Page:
For example, our free AvaTax plugin lets you:

  • Automatically calculate tax rates at checkout and for manually-created orders
  • Automatically submit paid orders as AvaTax transactions
  • Set a global product tax code, or override this code on a per category, per product, or per-variation basis as needed
  • Automatically manage partial and complete refund tax adjustments when refunds are marked in WooCommerce

WooCommerce AvaTax settings 1

You can also use more advanced functions like setting tax exemptions on a per-user basis (for those of you who have schools or non-profit organizations who purchase from you).

Regardless of how you choose to manage your WooCommerce sales tax assessment and collection, you’ll want to be sure that the business is registered to collect sales tax in each state for which is has nexus, and that rates are calculated appropriately based on state rates and laws, along with the product type for which the tax is assessed.


  • […] are some WooCommerce Sales Tax 101 tips and questions for both merchants and agencies to determine how they should set up tax rules […]

  • Mike 2 weeks ago Reply

    When I do my return, the state asks for total sales for the quarter, and then they ask for non-taxable sales for the quarter. In WC, how do you get the total of non-taxable sales? The taxes reports don’t seem to make much sense in this regard?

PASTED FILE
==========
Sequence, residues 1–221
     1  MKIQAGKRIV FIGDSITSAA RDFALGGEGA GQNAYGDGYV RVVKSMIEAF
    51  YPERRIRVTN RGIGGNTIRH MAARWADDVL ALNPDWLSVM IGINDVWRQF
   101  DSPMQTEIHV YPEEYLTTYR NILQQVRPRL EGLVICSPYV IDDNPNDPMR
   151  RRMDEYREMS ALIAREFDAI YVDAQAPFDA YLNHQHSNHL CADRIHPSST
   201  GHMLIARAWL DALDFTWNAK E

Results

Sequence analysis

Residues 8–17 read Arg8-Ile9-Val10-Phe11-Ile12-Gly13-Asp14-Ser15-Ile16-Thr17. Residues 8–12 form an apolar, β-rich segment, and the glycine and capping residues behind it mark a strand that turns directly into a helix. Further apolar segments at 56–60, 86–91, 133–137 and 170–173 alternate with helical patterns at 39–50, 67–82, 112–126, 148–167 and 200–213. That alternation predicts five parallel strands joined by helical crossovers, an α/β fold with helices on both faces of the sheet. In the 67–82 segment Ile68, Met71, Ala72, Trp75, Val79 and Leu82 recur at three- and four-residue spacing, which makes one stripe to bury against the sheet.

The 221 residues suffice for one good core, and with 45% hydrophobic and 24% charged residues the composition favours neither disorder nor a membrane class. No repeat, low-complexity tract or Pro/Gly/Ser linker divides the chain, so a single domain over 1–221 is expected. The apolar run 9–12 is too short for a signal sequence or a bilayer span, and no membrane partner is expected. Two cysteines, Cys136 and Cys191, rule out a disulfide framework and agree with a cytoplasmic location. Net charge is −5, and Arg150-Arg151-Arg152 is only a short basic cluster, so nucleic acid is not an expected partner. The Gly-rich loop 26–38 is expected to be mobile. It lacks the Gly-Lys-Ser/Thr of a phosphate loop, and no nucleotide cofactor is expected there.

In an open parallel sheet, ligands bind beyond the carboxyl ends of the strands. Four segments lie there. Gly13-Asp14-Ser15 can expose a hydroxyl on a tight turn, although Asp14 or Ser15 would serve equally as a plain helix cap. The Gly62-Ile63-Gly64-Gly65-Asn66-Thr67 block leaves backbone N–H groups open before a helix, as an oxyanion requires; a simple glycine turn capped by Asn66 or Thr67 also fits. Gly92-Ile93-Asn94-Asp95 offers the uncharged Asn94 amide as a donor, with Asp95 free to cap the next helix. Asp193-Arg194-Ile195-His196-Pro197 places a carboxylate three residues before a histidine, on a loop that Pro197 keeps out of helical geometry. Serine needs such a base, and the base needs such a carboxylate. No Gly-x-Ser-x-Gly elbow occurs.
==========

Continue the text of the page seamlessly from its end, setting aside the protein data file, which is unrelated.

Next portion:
• Beka Rice 2 weeks ago Reply

      Hey Mike, I’m not 100% sure on this one so I’d check with your accountant to be certain. Likely you’d need to view the product sales on your store and get reports for that time period for any product that was not taxable, but not sure if “non-taxable” also means “non-taxed orders” (ie from other states, depending on where you are). These kind of questions are exactly why I recommend using Avatax to handle this tracking automatically 🙂

      • Mike 2 weeks ago Reply

        Right, I just have to collect tax for the state I’m in. Non taxable sales just means the amount of sales that aren’t subject to sales tax. I’ll look at some of the other reports, maybe exporting other reports will reveal more detail.